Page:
Note:

    Story points are measured using the Fibonacci sequence: 1, 2, 3, 5, 8. (CODING uses an improved model.) In the approximate Fibonacci sequence, the difference between adjacent numbers increases as the numbers increase, allowing the difficulty of requirements to be easily identified and compared. For example, a 34-point requirement is different from a 21-point one, but it would not be very agile to debate over whether a feature is 34 or 35 points.

    Steps

    Before a new iteration starts, all members need to meet to assess the story points of requirements.

    Suppose the team has agile planning poker cards (each with a story point on the back).

    • Each team member (except the product owner) picks a card of a certain color.
    • The product owner describes a backlog item to be estimated and addresses questions from team members.
    • The team discusses the backlog item.
    • Each team member makes an estimate according to their judgment and puts the estimation result face down on the table.
    • When all team members have completed their estimate, everyone reveals their card at the same time.
    • If everyone has the same estimate or similar ones, the value is the consensus for the backlog item.
    • If the difference in value is relatively large, the estimation results need to be discussed.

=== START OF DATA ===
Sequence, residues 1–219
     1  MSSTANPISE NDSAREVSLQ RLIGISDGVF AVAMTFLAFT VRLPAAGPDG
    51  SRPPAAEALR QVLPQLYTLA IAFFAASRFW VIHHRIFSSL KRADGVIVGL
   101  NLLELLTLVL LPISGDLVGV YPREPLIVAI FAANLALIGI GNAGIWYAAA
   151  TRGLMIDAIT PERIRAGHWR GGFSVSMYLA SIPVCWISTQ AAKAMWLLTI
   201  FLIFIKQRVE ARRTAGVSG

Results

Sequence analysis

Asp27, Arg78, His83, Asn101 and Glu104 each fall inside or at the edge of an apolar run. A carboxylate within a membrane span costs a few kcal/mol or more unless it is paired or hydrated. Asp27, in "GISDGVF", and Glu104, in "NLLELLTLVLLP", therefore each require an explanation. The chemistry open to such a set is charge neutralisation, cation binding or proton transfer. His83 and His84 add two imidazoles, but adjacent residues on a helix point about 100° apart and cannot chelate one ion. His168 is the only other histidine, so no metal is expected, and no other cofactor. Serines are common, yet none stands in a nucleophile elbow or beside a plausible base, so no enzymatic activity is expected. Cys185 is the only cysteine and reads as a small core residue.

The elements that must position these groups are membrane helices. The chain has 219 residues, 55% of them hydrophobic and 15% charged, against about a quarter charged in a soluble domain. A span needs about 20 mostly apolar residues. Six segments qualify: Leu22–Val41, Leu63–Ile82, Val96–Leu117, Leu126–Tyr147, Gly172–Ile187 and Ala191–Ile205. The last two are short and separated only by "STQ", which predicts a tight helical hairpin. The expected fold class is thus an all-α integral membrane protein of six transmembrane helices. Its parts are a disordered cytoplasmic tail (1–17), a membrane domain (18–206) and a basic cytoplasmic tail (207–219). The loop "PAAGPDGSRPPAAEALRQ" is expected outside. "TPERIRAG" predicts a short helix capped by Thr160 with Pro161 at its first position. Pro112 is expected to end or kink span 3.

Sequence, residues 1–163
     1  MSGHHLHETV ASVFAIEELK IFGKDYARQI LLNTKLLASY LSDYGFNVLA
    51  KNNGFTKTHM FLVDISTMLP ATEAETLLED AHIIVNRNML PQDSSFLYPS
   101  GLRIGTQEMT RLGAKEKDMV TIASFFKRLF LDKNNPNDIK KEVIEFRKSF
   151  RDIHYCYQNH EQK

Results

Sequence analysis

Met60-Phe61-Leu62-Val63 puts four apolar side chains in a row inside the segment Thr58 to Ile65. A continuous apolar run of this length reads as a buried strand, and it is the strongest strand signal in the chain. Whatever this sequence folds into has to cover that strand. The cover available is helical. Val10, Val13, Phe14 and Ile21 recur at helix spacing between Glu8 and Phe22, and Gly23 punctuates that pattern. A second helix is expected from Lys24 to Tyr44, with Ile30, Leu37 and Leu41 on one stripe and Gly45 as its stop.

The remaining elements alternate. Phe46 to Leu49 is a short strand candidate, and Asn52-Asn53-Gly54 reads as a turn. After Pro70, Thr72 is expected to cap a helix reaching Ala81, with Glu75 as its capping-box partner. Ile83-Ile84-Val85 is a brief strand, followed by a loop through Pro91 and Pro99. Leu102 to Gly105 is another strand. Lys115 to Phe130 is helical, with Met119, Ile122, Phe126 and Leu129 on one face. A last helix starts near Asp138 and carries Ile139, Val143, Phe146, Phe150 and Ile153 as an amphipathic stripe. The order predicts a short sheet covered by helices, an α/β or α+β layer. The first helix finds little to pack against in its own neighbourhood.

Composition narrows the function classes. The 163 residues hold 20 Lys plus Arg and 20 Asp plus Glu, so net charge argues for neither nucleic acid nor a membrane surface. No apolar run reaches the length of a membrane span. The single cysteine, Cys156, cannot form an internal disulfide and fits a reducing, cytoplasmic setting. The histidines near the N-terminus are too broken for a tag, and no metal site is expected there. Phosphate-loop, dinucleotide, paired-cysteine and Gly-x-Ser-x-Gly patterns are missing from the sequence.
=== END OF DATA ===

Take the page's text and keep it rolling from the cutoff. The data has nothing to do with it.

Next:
• Repeat the process above until a consensus is reached.
    • The product owner selects the next backlog item to estimate.

    The estimation results are put face down initially to avoid the herd effect (or deference to authority) that may result in random changes to one's result during the assessment.

    After an iteration

    • At the iteration retrospective meeting, check the total number of completed story points and record them.
    • Use the total number of points completed in the iteration as a reference to plan the next one. Usually, each iteration will have slightly more story points than those completed in the last iteration, so the team can gradually become more efficient.

    Conclusion

    During actual agile development, the estimated number of points may be different from the actual situation due to business uncertainty, new changing factors, and subjective factors. We hope the following suggestions can help you improve story point estimation efficiency:

    • Involve all relevant members in the estimation. With more comprehensive information comes more mature results. During the estimation process, team members can share their logic, experience, and hypotheses, creating synergy.
    • Reference previous work. In the iteration retrospective, review and reflect on the accuracy of the estimate to improve the next iteration estimate.
    • Choose the right estimation method for story points. Estimation methods differ for projects of different types and effort. Popular estimation methods include planning poker, T-shirt size, and dot vote.